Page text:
The Times/1913/Obituary/Robert Hunter
|←The Times||Obituary:Sir Robert Hunter (1913)|
|Source: The Times, Friday, Nov 07, 1913; pg. 9; Issue 40363.|
Sir Robert Hunter
We have much regret to announce the death yesterday evening at his residence, Meadfields, Haslemere, of Sir Robert Hunter, who was for 30 years Solicitor to the Post Office. He had recently retired from that position, and was engaged last week in handing over his duties to his successor. He had remained at his official post to enable the authorities of the Post Office to deal effectively with the complexities of the Marconi contract, and it is natural to fear that arduous and anxious toil which marked the close of his service at St. Martin's-le-Grand hastened his end.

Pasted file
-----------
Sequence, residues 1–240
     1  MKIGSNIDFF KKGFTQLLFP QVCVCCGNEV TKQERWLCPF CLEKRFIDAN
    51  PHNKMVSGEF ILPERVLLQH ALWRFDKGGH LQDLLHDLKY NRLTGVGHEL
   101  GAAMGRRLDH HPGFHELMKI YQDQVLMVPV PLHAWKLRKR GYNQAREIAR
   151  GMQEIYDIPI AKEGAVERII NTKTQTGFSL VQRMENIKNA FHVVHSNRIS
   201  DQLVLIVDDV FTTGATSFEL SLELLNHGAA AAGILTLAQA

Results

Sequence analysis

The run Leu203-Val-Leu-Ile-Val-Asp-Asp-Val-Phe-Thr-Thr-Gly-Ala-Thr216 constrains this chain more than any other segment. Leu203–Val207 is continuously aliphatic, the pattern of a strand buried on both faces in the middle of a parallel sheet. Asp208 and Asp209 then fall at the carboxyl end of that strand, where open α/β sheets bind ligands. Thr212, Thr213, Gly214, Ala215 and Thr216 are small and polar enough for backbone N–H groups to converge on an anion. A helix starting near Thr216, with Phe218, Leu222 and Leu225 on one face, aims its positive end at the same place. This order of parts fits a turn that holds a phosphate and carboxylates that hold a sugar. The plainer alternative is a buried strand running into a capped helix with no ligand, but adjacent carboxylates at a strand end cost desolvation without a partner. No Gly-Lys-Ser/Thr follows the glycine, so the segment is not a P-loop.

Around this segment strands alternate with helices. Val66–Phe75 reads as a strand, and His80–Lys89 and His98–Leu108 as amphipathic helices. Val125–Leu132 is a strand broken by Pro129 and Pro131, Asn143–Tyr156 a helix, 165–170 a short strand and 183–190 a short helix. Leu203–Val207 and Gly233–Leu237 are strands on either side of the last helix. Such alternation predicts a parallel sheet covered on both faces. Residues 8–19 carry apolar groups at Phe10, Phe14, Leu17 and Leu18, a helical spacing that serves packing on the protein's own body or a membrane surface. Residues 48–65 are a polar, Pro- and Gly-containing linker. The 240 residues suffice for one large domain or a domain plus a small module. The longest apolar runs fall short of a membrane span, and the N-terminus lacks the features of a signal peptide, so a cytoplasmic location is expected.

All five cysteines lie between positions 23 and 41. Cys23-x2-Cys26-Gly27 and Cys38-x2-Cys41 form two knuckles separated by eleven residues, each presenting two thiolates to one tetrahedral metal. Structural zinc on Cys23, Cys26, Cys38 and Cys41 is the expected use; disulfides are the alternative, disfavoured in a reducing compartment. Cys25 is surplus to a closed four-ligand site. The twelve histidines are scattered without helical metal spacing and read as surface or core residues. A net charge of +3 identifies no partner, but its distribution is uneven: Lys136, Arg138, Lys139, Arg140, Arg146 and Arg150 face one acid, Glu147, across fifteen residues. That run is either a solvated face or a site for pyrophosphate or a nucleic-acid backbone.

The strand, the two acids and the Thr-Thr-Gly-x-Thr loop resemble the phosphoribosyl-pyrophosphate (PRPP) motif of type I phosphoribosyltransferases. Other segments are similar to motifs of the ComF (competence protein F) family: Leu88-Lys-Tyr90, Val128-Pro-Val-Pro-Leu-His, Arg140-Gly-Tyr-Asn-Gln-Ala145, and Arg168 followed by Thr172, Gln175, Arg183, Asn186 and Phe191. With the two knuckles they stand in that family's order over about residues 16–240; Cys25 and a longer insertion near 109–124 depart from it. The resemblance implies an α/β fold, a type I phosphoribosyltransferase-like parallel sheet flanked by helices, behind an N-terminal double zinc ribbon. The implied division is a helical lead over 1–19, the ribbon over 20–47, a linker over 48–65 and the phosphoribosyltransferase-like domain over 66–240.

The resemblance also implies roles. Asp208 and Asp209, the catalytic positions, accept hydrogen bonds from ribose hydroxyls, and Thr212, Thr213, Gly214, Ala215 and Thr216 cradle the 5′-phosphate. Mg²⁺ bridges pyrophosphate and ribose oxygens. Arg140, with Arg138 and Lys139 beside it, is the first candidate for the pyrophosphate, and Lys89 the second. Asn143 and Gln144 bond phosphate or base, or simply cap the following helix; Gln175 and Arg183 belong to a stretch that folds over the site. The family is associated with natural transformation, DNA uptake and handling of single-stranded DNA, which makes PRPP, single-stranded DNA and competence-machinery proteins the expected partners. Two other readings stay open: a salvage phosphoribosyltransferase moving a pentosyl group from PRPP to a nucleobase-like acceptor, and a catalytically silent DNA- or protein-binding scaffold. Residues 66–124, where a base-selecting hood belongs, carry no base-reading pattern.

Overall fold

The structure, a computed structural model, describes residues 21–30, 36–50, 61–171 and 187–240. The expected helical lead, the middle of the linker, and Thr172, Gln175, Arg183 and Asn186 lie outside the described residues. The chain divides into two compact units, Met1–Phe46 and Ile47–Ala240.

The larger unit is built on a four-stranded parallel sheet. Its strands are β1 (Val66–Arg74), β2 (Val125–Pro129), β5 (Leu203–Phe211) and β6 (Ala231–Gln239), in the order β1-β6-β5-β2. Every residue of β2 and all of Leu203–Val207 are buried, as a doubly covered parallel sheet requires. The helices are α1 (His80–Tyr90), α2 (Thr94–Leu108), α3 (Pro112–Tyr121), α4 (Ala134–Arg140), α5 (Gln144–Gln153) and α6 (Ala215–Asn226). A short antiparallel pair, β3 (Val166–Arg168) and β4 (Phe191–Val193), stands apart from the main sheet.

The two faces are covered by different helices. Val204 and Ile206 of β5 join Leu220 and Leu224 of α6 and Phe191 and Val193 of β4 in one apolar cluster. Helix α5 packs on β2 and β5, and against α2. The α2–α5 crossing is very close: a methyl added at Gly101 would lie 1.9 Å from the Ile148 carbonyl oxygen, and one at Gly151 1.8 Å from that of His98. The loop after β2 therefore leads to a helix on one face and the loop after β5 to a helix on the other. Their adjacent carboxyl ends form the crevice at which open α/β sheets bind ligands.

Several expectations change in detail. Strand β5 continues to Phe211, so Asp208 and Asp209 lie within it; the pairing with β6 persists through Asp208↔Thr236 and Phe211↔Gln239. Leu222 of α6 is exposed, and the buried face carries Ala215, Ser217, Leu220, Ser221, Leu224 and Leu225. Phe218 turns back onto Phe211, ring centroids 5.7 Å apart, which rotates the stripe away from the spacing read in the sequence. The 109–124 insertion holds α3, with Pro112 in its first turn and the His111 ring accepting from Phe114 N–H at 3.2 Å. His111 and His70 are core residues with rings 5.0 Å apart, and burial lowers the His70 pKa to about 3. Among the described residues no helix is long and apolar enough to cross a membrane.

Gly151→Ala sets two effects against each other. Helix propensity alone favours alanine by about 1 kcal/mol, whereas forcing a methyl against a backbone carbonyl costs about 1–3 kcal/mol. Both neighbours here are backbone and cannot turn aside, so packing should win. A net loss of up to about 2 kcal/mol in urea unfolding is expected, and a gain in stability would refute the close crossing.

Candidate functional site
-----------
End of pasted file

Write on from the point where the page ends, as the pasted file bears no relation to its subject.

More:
Sir Robert Hunter was born October 27, 1844. After graduating M.A. At London University he was appointed in 1882 Solicitor to the Post Office through Fawcett, who had already had an opportunity of judging his capacity as a lawyer in business concerned with the Commons Preservation Society. Sir Robert Hunter proved himself to be a diligent and laborious departmental chief. His record may best be traced in the annual statements of successive Postmasters-General. The Marconi contract was the last of many problems. There has been no great change in postal administration during the past 30 years in which Sir Robert Hunter did not take part. He sat on practically all the principal Departmental Committees during his term of office, and naturally took part in many cases of litigation and arbitration. Most of the important contracts for the carriage of mails, whether by sea or rail were renewed under altered conditions during his time. He drafted the new agreements and settled them with the Secretary and the contractors. Again, throughout the whole of his time many negotiations and agreements with the telephone companies were under discussion, and he was solely responsible for them on the legal side. He believe d that it was in the interests of the Department that such documents should be drawn and carried through entirely within the Post Office. He made it is rule to form his own conclusions and to give his own advice instead of relying on opinions obtained from outside, and he believed that the Department profited by this policy in saving of time, in homogeneity and suitability of advice, and in the better training of his own assistants. The whole of the Post Office regulations, again were drafted by Sir Robert Hunter, some of them two or three times to meet alterations. He spent much time and trouble on the details of the Post Office Savings Bank, the practice which he greatly simplified and assisted.